Supporting a Family on Social Security Benefits
You have gone through a lot of preparation along with the help of your disability attorney to file for social security benefits. The process was long and very involved, but you were granted the benefits you deserve. Now you need to learn how to support your family on those benefits, and this reality can further complicate things. Here we will explore the ways that your family can get the support they will need so that you truly are supporting a family on Social Security.
Learning how to live off of your social security benefits can be tricky. However, once you have been approved for social security disability benefits, those who depend on your income might also qualify to receive social security benefits, depending on the type you receive. There are two kinds of benefits, Supplemental Security Income (SSI) and Social Security Disability Benefits (SSDI). Generally, SSDI can be passed down, but SSI cannot.
If your spouse is taking caring care of your child who is either under the age of 16 or is disabled and under the age of 22, then he or she may be able to receive benefits. However, if they are also working, the Social Security Administration (SSA) will not give them the same amount as if they were not working. This benefit is often referred to as the “mother or father’s benefits.
For spousal benefits, those who were married to a disabled person for at least one year may also receive benefits. Even divorced couples who have been married for at least ten years before the divorce may also stand to receive benefits. There are benefits available for the widows and widowers of disabled spouses who have died, and this is commonly known as the widow or widower’s benefit.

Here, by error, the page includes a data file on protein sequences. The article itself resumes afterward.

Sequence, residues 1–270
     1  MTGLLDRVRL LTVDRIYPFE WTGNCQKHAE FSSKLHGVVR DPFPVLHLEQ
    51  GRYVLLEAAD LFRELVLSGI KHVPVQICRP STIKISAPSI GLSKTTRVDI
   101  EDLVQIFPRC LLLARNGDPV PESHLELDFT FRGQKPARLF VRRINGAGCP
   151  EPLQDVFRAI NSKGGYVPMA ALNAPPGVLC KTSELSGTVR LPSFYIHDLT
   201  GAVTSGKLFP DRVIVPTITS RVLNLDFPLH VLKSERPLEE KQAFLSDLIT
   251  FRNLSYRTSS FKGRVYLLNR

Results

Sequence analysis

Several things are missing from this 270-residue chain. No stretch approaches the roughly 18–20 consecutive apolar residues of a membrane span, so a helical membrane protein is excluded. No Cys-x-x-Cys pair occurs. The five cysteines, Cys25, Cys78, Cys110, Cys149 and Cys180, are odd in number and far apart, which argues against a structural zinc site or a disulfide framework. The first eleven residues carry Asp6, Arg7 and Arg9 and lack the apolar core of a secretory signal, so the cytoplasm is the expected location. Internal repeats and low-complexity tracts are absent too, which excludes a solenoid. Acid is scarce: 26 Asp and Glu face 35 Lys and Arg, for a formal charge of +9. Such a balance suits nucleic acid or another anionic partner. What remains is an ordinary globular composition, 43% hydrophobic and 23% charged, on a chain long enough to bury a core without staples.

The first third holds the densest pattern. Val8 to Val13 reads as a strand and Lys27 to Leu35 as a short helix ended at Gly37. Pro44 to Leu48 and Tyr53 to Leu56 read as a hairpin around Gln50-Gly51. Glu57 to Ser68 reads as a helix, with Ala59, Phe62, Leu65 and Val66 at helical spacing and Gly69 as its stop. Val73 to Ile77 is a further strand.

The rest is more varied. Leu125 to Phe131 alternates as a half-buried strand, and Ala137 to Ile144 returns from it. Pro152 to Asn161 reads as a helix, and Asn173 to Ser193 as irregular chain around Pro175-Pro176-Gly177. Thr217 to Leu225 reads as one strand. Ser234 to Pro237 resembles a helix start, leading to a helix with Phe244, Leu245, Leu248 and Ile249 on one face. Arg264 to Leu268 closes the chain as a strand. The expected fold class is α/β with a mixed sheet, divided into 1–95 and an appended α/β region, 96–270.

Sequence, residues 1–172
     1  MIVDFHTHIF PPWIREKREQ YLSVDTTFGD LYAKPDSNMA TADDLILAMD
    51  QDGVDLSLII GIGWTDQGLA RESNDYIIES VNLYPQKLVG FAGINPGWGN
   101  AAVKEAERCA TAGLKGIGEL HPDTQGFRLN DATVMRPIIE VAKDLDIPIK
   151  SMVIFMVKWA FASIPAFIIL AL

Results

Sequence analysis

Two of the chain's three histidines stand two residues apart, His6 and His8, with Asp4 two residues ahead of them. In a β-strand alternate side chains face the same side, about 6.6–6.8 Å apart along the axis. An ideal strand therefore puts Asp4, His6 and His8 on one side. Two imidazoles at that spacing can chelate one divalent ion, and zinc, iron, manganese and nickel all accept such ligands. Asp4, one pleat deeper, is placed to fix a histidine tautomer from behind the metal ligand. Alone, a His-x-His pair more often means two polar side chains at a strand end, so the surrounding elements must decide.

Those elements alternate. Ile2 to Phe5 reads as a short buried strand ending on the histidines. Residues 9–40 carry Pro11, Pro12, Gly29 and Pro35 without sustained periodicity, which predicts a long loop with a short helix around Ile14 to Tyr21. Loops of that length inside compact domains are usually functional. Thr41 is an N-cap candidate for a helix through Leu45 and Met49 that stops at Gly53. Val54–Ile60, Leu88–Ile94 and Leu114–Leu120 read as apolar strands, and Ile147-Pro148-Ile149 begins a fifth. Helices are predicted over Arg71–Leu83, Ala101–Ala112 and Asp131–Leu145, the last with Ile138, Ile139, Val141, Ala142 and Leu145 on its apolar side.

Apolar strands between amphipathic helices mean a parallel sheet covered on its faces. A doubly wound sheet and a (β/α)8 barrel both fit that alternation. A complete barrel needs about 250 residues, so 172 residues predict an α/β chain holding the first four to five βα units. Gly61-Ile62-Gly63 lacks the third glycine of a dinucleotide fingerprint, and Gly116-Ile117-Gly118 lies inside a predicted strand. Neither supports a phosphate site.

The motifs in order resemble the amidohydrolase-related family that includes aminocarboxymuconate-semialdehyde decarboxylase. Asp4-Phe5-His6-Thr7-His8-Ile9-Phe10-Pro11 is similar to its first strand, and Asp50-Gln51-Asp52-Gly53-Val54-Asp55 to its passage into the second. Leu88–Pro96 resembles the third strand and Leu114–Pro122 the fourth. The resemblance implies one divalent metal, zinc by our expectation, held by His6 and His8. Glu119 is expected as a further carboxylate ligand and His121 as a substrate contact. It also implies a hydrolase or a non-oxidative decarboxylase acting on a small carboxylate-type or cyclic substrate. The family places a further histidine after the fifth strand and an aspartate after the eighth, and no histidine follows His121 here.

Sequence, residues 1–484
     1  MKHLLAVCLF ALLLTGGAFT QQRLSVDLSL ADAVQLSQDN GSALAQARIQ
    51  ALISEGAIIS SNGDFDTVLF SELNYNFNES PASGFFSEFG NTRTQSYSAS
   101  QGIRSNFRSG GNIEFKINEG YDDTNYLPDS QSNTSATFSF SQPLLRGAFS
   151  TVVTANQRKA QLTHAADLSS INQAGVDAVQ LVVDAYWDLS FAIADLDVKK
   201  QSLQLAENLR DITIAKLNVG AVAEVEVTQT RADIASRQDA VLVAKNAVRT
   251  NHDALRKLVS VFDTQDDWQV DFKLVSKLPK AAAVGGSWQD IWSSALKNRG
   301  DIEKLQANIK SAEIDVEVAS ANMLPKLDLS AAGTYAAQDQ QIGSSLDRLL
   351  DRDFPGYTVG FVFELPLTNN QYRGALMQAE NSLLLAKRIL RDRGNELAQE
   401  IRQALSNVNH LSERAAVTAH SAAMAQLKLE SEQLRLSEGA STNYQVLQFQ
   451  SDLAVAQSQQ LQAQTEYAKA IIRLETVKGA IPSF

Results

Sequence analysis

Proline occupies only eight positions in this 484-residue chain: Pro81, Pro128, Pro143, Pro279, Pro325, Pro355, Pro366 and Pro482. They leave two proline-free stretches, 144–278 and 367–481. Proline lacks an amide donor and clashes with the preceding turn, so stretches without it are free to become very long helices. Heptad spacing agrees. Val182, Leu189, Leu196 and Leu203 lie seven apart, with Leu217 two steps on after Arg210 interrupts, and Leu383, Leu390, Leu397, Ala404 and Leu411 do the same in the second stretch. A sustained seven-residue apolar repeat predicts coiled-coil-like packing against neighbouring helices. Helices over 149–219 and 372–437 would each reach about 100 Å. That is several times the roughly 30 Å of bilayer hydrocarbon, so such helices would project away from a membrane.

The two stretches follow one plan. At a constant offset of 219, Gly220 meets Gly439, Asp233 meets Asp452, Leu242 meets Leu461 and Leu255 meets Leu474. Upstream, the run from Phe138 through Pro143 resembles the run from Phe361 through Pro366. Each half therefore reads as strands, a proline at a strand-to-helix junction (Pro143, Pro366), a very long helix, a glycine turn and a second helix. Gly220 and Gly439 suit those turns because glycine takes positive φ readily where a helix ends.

Social Security automatically includes biological, adopted, and stepchildren to receive benefits in the event that their parent becomes disabled and therefore eligible for SSDI. Conditions for children include being under the age of 18 years old and being unmarried. Adult children (those age 18 or older) but be under 19 and enrolled in a secondary school (high school).
Although there are a lot of stipulations that apply for your family to be eligible for social security benefits, it is not impossible. If you live in the Cleveland, Ohio area when inquiring about your family’s benefits, be sure to have a qualified disability attorney guide you through the process and help you get the tools you need to support your loved ones. Contact our office today.